June 24, 2013
Biotech giant Monsanto says that its unapproved experimental wheat
ended up growing at an Oregon field through what most likely was an
isolated act of sabotage.
“What happened in this field… is suspicious,” said Monsanto Chief Technology Officer Robb Fraley on Friday, reporting on the ongoing investigation into the scandal.
In late May, the US Department of Agriculture (USDA) announced the discovery of bioengineered wheat,
which had been made resistant to Roundup, a Monsanto-sold pesticide.
The plant was developed by Monsanto between 1998 and 2005, but was never
approved and made into a commercial product.
The company has thus far failed to determine how the crop entered the environment, and insisted that all genetically modified seeds were incinerated after testing.
The fact that the ‘Roundup Reade’ wheat was found growing at only one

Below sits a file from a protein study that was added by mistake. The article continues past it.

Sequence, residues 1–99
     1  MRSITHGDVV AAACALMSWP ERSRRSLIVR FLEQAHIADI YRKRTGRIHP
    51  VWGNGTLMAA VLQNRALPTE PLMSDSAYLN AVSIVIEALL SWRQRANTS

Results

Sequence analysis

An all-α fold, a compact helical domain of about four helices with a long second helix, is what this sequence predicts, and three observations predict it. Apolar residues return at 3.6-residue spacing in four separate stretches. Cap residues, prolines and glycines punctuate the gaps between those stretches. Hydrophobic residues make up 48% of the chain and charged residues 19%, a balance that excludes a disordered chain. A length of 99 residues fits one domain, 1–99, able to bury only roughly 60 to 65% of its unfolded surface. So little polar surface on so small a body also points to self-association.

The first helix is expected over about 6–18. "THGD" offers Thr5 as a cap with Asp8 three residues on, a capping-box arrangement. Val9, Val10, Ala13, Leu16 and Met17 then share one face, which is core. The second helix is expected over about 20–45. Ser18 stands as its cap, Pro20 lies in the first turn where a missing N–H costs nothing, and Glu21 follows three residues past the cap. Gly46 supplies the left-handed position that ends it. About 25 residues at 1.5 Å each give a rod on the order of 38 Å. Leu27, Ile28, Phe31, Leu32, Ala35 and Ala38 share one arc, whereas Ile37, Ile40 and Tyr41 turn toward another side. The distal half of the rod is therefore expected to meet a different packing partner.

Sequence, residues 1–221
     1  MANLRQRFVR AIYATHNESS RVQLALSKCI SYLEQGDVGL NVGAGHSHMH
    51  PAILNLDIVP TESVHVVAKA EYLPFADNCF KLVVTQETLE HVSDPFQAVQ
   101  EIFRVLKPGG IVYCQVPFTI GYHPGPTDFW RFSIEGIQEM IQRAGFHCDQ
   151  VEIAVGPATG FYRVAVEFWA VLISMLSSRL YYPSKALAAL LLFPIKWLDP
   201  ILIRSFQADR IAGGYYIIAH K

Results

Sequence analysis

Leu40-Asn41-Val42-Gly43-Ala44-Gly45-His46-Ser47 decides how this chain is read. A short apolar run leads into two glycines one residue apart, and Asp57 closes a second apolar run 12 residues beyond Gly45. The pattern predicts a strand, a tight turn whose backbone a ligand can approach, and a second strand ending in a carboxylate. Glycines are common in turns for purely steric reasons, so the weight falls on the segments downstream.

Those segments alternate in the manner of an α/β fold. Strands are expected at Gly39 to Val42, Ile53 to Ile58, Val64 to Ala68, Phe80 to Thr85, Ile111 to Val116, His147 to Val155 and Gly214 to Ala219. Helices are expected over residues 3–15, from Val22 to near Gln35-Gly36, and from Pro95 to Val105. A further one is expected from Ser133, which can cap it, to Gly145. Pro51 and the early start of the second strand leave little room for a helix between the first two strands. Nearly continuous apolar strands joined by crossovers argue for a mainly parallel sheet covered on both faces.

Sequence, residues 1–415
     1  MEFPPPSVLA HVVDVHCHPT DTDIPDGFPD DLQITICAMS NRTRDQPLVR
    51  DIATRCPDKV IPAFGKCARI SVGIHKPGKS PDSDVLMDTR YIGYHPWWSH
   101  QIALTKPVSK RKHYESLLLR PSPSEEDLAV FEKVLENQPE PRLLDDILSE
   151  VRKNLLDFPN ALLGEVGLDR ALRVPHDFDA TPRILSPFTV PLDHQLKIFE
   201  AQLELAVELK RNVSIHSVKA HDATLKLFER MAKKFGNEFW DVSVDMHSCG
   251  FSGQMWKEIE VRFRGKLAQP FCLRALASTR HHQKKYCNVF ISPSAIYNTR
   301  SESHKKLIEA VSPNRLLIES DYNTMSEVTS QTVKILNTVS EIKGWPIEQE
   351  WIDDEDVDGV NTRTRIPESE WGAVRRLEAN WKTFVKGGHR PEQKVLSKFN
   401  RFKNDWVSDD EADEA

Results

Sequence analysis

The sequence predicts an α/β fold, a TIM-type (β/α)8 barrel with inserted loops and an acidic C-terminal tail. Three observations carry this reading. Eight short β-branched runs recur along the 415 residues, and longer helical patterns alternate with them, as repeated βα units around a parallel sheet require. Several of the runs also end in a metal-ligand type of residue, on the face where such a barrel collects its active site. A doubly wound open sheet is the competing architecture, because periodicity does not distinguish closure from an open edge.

spot of the 80-acre farm instead of being spread across it indicates
that contamination of seed supplies is unlikely, Fraley argued. The crop
was apparently planted there separately, he said, adding that the
farmer was “a victim” in the case.
He added that investigations conducted by the company, the USDA, and
Washington State University found no signs of contamination in other
Oregon fields after sampling over 97 percent of the state’s farmland.
“The grain is clean,” Fraley said. “This situation is
extremely isolated, with all the testing data again concluding that this
is isolated to a single field in Oregon.”